As you’ve probably realized by now, we don’t actually own any of our stuff online—Twitter handles, Facebook friends lists, bank accounts, items in video games, event tickets—they’re constantly on-loan from the companies who control the servers that decide how we’re able to access the things we ostensibly own. And these companies taketh away that which they had just so easily giveth.
In 2008 we figured out true digital ownership: the real innovations of blockchain and decentralized consensus, at the core, are true ownership of digital things and truly scarce digital things. The first thing we did was use that digital ownership and digital scarcity to create a digitally native and truly scarce money: Bitcoin.
The use of public key cryptography—replacing username authentication and password authorization—and a coordinated network validating state changes—replacing the central server’s job—is a paradigm shift in how we interact with the digital realm. And that’s what ownership is, really; the right to change something. And now we can own digital things without a central entity allowing us to.
The big question, then, is what does having true digital ownership mean for a society? And, equally, what happens when a society discovers true digital scarcity?
When you consider digital ownership in this context, you realize it’s bizarre that we were ever ok with how we own our digital things today. Would we be ok with owning houses exclusively based on the promises of a homeowners association? That’s the state of digital ownership today: it’s the homeowners association saying “oh yes, you own this house” in blatant contradiction to the license which reads “you don’t have any legal right to this house; we owe you nothing” which you agreed to. When Facebook takes away your house, you don't have the luxury of taking legal action or fighting the algorithm. In the real world we have legal agreements and physical possession backing our ownership; there isn’t a digital equivalent of that on today’s internet.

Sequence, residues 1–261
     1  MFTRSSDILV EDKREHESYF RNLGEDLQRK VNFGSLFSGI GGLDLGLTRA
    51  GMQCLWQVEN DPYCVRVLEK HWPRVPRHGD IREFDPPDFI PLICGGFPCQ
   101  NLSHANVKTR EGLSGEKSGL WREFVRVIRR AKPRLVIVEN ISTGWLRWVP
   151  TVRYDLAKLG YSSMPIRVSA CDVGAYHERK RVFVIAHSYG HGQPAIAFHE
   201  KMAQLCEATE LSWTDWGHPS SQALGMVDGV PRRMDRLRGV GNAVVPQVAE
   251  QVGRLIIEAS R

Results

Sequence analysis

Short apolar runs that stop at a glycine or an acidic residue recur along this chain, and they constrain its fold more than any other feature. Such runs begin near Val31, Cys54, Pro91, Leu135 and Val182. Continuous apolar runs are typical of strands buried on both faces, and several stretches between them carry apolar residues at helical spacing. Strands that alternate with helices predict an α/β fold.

So what does true digital ownership mean for our online society? We get to reinvent the status quo of how things are owned, giving control back to the owner. True digital ownership goes beyond video game items, though; this ownership and scarcity underpins self-sovereign identity: true ownership of your digital self.
With self-sovereign identity, the rules of the internet change a bit:
No longer do I ask Facebook dot com to “please let me into my account, I am Matt Condon and here’s my password for proof”; now I say “I am Matt Condon” and the world understands it to be so.
No longer do I ask my bank to “please let me send $5 to @soonaorlater, here’s my pin for proof”; now I say, “I am Matt Condon and I sent $5 to @soonaorlater” and the world understands it to be so.
Ignoring the philosophical high ground of self-sovereignty and inherent privacy benefits of being more in control of your online presence, what on earth does digital ownership and digital scarcity provide that the internet today doesn’t?